In a nutshell, Kent Dobson is a friend of Rob Bell’s, the controversial pastor who lead Mars Hill church to mega-churchdom. Bell later removed hell from his personal views, maybe even heaven, and concentrated on the here and now. His blasphemy cost him his pastorship.
I read about Bell long after I had left faith. Hell was one of the first things I was able to let go of as being biblically unsound. So reading him was a little boring. Bell was late to the party.
From what I understand, Kent Dobson took over the church after Rob Bell was basically pushed out. Dobson also flew the evangelical nest and stripped lots of dogma from his perspective.
From listening to this podcast, his perspective(s) is/are hardly unique. I wished that when I was going through my own period of stripping off the dirty, wet clothing of evangelical Christianity, that I could have known more people like Kent, Pete, or anyone else who is able to leave the ideas of our youth.
Continue reading “Who is this Kent Dobson …”
Sinclair Media Group is the owner of the largest number of TV stations in America.“Sinclair’s probably the most dangerous company most people have never heard of,”said Michael Copps, the George W Bush-appointed former chairman of Federal Communications Commission (FCC), the top US broadcast regulator…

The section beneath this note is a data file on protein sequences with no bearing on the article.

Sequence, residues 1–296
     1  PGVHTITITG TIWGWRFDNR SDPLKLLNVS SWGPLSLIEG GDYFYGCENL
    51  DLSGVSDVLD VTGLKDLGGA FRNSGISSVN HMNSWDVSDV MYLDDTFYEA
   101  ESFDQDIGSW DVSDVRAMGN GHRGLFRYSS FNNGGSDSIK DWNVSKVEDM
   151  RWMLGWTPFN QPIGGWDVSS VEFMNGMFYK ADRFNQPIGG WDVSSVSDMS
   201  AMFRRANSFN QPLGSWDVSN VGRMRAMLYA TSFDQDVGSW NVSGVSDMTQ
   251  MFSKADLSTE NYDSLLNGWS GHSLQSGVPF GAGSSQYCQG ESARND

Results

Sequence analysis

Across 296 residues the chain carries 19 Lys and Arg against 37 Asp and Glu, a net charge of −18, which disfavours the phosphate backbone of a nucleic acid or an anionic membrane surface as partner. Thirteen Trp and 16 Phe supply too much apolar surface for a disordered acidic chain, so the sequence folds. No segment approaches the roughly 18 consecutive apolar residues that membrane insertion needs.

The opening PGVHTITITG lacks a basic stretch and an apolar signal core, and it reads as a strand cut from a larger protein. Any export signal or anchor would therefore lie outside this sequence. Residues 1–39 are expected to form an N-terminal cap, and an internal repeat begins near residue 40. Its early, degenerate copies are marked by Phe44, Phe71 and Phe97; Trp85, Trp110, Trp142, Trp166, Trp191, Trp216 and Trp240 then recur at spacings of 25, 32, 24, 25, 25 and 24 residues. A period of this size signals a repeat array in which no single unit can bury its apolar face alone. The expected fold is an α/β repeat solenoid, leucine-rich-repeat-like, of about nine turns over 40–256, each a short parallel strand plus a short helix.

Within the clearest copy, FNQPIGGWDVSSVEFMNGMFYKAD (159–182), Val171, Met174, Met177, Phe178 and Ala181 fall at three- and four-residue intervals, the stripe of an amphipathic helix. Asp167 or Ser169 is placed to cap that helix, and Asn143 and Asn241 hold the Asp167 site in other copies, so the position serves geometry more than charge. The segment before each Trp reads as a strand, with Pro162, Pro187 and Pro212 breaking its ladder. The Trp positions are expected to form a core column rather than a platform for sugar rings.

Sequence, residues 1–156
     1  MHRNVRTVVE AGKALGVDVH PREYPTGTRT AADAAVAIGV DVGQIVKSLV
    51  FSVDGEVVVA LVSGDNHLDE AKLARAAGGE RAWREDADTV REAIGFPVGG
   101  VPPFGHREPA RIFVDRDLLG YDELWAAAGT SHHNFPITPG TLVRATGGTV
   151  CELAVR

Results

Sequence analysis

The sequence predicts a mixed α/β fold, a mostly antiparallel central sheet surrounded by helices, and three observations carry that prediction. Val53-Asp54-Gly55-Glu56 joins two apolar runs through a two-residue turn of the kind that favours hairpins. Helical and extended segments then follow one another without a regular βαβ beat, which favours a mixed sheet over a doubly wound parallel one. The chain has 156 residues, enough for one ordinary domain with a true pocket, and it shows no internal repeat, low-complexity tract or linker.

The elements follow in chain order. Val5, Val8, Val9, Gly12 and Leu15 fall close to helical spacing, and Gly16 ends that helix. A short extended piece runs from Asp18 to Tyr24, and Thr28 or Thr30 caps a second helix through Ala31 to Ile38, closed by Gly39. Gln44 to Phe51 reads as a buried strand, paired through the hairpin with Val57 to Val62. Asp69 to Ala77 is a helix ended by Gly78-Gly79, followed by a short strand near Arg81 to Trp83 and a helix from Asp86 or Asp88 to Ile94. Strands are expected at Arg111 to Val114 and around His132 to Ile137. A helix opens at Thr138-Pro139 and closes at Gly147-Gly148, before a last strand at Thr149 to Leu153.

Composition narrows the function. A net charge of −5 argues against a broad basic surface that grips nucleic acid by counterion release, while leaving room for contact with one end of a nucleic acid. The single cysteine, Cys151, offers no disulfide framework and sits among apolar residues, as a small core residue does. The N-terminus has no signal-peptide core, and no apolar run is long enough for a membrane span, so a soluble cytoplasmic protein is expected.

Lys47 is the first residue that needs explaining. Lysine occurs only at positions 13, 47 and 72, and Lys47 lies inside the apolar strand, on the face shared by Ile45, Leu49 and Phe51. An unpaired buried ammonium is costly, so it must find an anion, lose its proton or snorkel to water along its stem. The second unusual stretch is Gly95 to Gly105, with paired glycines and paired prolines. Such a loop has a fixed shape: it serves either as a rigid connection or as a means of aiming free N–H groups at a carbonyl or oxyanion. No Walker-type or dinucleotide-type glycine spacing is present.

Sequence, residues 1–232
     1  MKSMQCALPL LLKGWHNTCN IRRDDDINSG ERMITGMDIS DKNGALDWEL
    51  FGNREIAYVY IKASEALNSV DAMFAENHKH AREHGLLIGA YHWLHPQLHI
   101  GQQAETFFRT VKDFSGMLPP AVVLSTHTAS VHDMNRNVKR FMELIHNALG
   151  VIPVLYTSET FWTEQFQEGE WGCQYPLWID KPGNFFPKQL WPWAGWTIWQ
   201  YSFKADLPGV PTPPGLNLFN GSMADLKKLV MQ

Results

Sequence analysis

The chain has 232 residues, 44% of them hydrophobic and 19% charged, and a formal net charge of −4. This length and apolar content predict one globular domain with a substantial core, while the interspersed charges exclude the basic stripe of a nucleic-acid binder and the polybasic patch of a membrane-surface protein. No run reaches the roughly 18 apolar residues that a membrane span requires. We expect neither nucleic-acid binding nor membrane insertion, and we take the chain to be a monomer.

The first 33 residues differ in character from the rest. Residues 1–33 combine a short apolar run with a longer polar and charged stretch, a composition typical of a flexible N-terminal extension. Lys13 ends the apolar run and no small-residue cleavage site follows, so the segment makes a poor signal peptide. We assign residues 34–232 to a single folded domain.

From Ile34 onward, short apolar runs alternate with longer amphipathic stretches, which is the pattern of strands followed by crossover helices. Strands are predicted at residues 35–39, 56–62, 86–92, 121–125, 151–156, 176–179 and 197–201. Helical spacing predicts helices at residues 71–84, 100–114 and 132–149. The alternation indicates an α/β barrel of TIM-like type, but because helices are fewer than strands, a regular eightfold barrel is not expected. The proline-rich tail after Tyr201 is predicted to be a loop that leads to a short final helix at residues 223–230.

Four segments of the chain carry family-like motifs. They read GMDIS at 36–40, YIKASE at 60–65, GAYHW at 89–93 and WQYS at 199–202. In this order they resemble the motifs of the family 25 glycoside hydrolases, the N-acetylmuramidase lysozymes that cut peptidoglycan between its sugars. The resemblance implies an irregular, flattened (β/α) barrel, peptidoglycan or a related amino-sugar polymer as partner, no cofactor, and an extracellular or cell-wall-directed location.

The New York Times refers to the group as a “conservative giant” that, since the Bush presidency, has used its 173 television stations “to advance a mostly right-leaning agenda”. The Washington Post describes it as a “company with a long history of favoring conservative causes and candidates on its stations’ newscasts”…
Another cause for concern, and increased scrutiny, is what’s seen as the company’s pronounced political agenda. Sinclair forces its local stations to run pro-Trump “news” segments. In April, they hired Boris Epshteyn, a former Trump campaign spokesman and member of the White House press office, as its chief political analyst. His “must-run” 10-minute political commentary segments unsurprisingly hewed closely to the Trump administration’s message. The news and analysis website Slate, referring to Epshteyn’s contributions, said: “As far as propaganda goes, this is pure, industrial-strength stuff.”..
The focus of the concern is Ajit Pai, the man Trump appointed as head of the country’s top broadcasting regulator, the FCC. Since he began work in January, Pai has been busy relaxing the protections for local broadcasting that had previously limited Sinclair’s expansion. Trump’s new-look FCC has moved swiftly to clear the hurdles for Sinclair’s proposed takeover of Tribune… In addition to changes paving the way for Sinclair’s merger, Pai’s FCC has proposed eliminating one of its most fundamental rules, which requires local news stations to actually have a local studio where they broadcast the news.
Here’s wishing you and yours a happy Easter. Whether you celebrate Christ’s resurrection or not.
For me, Easter is a reminder of what I do not believe. I can’t help it. On the social media outlets, you have friends plugging “He is Risen” graphics. Continue reading “Happy Easter to us everyone …”